Bardstown Road Presbyterian Church had a monthly fundraising event called the CoffeeStop from 1994 through 2003 where we featured local musicians. Since I booked the acts, I would have Mary Ann perform every couple of years. She always brought an interesting mix of musicians with her. Billy Rudolph backed her up on keyboards for the first concert. Ernie Threlkeld was in the audience and ran home to get his sax to sit in for the second set. In 1998 Mary Ann brought an amalgamation of veteran musicians called Bar-B-Que, Booze and Beer that included Marshal Anderson on guitar, Don Harris on keyboards, Lee Wales on bass and Ellie Paige drumming, plus Donnie Fugett assisting on vocals. The CoffeeStop in 2001 included the late Ron Wolfe playing keyboards with Peter Rhee, Ed Chestnut, Jr. and Jerry Harshaw on violin, guitar and drums. Mary Ann's last concert in September 2003 had the same band that played on her CD. Each of those CoffeeStop concerts were special moments and I was able to tape most of those shows. Mary Ann was our special guest on two of the KBS Blues Cruises, singing at the various stops along the way. She so loved to sing she would often break out in some chorus of an old song she recalled while talking to you. Every Thanksgiving she treated my wife and me to a homemade sweet potato pie. Nobody makes a sweet potato pie as good as Mary Ann. I would slice it up into little wedges to make it last as long as possible.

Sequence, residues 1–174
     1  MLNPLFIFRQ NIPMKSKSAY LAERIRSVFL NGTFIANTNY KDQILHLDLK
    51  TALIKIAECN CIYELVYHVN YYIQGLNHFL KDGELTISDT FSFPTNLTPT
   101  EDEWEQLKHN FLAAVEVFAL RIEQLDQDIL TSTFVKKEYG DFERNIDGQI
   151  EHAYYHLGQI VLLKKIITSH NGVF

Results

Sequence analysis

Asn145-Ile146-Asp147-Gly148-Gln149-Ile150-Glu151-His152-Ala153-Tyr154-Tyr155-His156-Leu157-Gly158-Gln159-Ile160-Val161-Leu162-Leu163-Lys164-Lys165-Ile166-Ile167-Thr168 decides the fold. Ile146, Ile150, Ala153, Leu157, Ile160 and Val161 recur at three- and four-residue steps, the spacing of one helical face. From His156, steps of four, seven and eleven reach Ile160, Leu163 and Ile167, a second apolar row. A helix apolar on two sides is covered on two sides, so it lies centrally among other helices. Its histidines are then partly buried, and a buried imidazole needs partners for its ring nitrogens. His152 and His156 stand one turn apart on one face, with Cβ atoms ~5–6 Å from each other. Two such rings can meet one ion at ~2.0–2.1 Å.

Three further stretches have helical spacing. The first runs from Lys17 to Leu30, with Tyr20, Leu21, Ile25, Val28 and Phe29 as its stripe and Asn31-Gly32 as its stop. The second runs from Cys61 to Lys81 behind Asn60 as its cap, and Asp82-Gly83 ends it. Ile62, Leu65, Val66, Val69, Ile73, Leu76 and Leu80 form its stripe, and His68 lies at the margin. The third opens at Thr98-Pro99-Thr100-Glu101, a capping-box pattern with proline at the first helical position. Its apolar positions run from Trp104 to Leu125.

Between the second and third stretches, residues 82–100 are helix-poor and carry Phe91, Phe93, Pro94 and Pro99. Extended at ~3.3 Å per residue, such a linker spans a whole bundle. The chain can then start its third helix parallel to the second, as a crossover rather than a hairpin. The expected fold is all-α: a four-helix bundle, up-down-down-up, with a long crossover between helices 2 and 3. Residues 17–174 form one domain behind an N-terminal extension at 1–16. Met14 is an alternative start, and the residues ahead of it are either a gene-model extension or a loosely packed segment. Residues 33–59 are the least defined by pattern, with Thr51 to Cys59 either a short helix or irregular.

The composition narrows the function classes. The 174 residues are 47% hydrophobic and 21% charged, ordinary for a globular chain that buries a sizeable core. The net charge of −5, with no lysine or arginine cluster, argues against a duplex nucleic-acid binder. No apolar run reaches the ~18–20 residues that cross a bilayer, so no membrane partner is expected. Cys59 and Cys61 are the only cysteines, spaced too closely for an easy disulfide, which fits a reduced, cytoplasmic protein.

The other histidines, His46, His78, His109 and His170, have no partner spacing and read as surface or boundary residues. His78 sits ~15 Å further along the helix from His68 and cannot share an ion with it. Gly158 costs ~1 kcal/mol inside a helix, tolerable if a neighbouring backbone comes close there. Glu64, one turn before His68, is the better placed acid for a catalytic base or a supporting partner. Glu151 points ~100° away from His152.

The visitation and funeral services were at G. C. Williams Funeral Home on March 16. The long chapel was filled with people whose lives Mary Ann had touched with her voice and spirit. The recording of David "Fathead" Newman's "Precious Lord" and her own version of "God Bless the Child" never sounded so good. Her pastor from Zion Baptist Church closed his remarks saying, "Mary Ann has not left us, for the song may be over but the melody lingers on." Tracy plans to take Mary Ann's ashes back to her birthplace in Henderson, Kentucky. Following the service, my wife and I toasted all the wonderful memories of our Songbird with a stiff swig of scotch and milk, her favorite drink.